Native Hawaiian Forest Garden
Discover rare botanical treasures steps from your door
Visitors to Hawai‘i invariably marvel at the rich abundance of tropical flora with its gardens of dazzling hibiscus, graceful orchids and tall, stately palms. However, almost none of these plants are native to Hawai‘i and most have been introduced only
in the last two centuries.
Yet even stripped of its modern botanical cornucopia, Hawai‘i is
recognized worldwide as a hotspot of biodiversity, a veritable treasure trove
of highly specialized tropical flora, much of it endemic to these islands—
literally, found nowhere else on earth. Today, roughly a thousand native
Hawaiian plant species survive, many of them listed as threatened and
endangered, imperiled by loss of habitat, disease and aggressive alien plants
and animals, like leaf-chomping ungulates and wild boars.
To experience the extraordinary forms and singular beauty of Hawai‘i’s
native flora, one must usually escape the populated coastal areas and head
for the kuahiwi, or uplands, where Hawaiian species are found in greater
numbers. There is no experience quite like walking through a Hawaiian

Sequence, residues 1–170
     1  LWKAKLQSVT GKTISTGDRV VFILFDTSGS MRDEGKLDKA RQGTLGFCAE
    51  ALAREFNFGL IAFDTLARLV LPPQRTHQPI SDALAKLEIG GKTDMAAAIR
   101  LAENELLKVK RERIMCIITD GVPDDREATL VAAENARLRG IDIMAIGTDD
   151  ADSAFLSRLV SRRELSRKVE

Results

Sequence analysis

forest, but sadly it is a pleasure known by relatively few visitors.
With this in mind, and a commitment to educating its guests about the
uniqueness and fragility of Hawai‘i’s flora, The St. Regis Princeville Resort
has partnered with the National Tropical Botanical Garden (NTBG)
to create a native Hawaiian forest garden along the resort’s main entry
adjacent to the porte cochère. With the greatest of ease, any guest or visitor
can enjoy an intimate look at not only a beautiful, healthy Hawaiian garden,
but also a rare assemblage of plants that the most ardent hiker might never
find even over multiple outings.
The Hawaiian forest garden occupies a relatively small space, less than
600-square-feet, but within its beds are 32 species that include Kaua‘i’s
ground covers like palapalai and kupukupu ferns, low shrubs like naupaka
kuahiwi and the rarely seen fragrant white nänü (Gardenia remyi). Iconic
flowering trees like ‘iliahi (sandalwood) and ‘öhi‘a lehua (Metrosideros
polymorpha) grow alongside the spindly tuft-topped ‘iliau, curiously
reminiscent of the Dr. Seuss’s Truffula trees, and found only on Kaua‘i.